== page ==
When Cameroon convinced themselves they couldn’t win

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Steven Friedman | Jacobin
June 2018 | 4-minute read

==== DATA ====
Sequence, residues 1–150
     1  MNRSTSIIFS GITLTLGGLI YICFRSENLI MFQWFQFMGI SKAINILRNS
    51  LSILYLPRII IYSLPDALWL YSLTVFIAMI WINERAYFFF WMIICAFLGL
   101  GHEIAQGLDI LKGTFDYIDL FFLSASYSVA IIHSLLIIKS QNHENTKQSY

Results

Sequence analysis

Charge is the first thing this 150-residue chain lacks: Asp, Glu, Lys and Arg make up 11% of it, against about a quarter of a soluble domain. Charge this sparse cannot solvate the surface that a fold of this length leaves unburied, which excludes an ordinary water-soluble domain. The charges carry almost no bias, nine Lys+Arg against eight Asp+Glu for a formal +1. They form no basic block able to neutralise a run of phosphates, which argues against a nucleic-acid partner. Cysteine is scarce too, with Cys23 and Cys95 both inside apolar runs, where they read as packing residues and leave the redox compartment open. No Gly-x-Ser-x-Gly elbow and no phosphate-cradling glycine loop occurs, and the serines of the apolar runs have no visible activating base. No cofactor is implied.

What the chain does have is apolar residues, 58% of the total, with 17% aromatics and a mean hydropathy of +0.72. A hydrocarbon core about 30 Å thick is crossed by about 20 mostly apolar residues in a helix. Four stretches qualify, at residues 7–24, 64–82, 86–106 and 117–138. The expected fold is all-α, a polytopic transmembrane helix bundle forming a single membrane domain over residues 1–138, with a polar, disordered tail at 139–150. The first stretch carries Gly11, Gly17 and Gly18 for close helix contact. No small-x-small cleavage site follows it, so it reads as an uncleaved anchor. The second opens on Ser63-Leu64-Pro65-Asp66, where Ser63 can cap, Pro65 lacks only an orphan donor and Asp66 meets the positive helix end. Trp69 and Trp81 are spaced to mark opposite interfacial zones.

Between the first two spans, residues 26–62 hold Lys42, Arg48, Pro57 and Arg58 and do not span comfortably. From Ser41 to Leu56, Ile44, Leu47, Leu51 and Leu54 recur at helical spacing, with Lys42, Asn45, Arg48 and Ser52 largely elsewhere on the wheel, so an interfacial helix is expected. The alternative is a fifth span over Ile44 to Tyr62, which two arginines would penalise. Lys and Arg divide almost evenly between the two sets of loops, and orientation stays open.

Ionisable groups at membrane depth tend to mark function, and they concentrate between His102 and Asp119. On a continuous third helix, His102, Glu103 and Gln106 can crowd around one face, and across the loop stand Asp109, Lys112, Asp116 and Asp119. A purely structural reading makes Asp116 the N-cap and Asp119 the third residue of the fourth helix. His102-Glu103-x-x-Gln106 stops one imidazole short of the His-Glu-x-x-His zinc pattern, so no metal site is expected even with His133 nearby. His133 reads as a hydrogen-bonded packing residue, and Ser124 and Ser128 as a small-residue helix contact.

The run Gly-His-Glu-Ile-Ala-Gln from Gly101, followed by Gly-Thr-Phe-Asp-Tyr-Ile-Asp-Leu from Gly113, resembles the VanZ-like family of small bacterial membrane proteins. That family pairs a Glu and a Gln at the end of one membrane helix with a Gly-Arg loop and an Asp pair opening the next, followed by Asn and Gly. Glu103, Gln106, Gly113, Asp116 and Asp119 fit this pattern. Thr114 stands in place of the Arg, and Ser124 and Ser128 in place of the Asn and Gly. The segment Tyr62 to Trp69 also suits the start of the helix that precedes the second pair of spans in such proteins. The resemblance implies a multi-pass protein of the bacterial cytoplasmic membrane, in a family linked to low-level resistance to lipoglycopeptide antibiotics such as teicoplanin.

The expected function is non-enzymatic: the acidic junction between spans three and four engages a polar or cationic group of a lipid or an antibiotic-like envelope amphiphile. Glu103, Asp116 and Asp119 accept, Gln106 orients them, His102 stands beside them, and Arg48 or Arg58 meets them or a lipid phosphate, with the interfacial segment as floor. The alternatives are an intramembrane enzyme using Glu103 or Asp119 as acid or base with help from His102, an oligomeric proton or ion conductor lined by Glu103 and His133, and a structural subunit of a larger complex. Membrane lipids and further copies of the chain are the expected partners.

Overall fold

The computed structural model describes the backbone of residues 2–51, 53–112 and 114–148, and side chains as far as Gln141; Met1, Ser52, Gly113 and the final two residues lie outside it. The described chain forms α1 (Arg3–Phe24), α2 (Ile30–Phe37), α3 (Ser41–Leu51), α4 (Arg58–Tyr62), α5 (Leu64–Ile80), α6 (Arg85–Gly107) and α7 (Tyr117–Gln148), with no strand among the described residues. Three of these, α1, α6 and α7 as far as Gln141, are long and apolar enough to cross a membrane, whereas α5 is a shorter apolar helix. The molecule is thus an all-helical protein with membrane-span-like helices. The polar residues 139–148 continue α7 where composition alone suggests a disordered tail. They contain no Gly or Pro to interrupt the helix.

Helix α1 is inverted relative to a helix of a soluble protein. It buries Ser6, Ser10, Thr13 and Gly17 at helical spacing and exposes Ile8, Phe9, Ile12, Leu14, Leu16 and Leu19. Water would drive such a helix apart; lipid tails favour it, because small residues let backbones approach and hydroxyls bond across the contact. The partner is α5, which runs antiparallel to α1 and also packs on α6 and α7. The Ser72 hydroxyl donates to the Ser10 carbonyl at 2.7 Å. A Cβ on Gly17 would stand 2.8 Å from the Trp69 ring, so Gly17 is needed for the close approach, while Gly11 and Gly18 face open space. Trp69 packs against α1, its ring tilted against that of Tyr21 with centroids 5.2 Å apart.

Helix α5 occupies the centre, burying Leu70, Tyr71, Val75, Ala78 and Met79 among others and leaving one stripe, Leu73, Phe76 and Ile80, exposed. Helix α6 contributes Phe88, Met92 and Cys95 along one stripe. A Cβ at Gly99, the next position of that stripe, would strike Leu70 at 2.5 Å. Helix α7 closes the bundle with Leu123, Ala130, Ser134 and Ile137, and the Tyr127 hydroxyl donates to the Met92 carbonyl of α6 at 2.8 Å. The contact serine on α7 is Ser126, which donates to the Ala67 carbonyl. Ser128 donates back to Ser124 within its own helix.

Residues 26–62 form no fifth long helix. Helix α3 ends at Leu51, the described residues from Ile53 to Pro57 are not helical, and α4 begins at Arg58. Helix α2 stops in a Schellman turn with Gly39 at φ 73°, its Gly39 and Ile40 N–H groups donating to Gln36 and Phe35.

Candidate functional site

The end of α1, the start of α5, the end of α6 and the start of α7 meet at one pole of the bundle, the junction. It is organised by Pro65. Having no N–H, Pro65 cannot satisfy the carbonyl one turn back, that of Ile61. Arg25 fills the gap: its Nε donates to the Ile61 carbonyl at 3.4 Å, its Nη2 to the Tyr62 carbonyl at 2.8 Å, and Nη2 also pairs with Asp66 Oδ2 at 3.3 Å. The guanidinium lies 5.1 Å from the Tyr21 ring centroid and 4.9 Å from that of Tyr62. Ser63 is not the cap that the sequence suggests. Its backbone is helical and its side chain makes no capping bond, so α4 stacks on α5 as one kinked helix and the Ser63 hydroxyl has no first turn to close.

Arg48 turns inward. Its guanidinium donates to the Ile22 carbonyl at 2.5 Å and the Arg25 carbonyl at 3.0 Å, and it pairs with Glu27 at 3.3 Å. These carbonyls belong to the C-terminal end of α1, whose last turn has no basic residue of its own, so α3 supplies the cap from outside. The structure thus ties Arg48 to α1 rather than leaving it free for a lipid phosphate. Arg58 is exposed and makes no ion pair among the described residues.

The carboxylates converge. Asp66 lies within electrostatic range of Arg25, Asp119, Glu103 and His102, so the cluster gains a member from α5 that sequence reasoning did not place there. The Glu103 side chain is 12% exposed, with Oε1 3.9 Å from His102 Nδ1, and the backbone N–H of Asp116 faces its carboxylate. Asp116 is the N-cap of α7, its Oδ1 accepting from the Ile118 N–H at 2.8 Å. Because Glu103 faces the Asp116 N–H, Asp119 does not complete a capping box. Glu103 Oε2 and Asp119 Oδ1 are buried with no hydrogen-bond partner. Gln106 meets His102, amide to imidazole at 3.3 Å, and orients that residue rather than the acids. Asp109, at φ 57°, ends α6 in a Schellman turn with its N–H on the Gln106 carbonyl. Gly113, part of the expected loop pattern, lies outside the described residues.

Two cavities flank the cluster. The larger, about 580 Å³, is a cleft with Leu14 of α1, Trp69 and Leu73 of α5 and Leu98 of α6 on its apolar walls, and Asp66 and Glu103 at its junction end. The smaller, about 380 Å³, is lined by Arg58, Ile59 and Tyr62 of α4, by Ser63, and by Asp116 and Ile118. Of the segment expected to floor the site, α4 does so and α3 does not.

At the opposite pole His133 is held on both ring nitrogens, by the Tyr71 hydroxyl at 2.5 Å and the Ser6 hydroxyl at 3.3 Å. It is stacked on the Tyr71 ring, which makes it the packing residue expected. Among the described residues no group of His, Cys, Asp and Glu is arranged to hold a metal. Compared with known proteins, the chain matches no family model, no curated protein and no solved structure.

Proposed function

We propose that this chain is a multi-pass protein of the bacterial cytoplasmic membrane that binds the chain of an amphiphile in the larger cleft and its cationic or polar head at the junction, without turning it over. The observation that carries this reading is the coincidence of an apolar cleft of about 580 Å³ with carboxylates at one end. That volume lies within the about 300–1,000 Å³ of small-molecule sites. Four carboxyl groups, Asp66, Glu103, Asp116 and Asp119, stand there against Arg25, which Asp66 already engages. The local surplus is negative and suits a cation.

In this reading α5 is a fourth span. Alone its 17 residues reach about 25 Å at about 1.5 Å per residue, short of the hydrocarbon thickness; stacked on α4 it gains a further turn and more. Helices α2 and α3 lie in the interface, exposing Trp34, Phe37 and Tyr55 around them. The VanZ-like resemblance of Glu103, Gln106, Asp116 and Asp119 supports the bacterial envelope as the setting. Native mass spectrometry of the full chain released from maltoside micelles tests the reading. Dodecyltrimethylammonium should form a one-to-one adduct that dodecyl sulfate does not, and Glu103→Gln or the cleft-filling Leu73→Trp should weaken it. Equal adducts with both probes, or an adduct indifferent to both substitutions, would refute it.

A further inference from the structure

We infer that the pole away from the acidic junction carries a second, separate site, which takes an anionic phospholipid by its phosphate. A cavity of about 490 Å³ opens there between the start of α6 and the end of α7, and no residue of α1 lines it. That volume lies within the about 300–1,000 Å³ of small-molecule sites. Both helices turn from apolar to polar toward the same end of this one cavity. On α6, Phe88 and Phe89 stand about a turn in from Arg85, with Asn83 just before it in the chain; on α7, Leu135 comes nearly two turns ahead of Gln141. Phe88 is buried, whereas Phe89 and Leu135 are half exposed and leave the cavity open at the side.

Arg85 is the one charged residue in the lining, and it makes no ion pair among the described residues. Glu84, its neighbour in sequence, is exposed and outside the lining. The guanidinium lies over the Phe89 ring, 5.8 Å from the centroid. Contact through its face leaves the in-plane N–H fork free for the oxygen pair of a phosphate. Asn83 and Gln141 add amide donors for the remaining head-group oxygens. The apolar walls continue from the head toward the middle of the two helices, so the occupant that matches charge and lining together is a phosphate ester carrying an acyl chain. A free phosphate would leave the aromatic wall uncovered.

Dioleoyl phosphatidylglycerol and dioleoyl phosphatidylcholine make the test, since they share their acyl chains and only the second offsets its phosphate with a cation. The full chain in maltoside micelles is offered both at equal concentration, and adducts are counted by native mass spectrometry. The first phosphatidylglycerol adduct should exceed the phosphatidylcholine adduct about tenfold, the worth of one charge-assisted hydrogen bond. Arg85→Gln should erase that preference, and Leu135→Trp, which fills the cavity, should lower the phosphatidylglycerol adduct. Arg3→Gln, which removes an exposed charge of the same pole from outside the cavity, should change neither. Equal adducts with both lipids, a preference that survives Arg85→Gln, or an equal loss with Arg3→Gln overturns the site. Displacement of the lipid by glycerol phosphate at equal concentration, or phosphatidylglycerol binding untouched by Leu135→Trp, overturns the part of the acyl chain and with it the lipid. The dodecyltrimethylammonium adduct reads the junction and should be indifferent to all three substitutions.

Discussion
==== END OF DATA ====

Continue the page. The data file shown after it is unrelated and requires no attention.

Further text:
Sometimes, this inferiority complex is instilled by African teams’ coaches (who are almost always European). A prime example happened 4 years later, at the 1994 World Cup. In the Round of 16, Nigeria, having dominated the first half against Italy, went into half-time 1-0 ahead. Their Dutch coach, Clemens Westerhof, insisted that they defend the lead. Nigeria’s striker, Rashidi Yekini, yelled at him that this defeatism would cost them the match: they were good enough to attack and win. Westerhof’s instructions prevailed and Yekini was right—Italy won in extra time.


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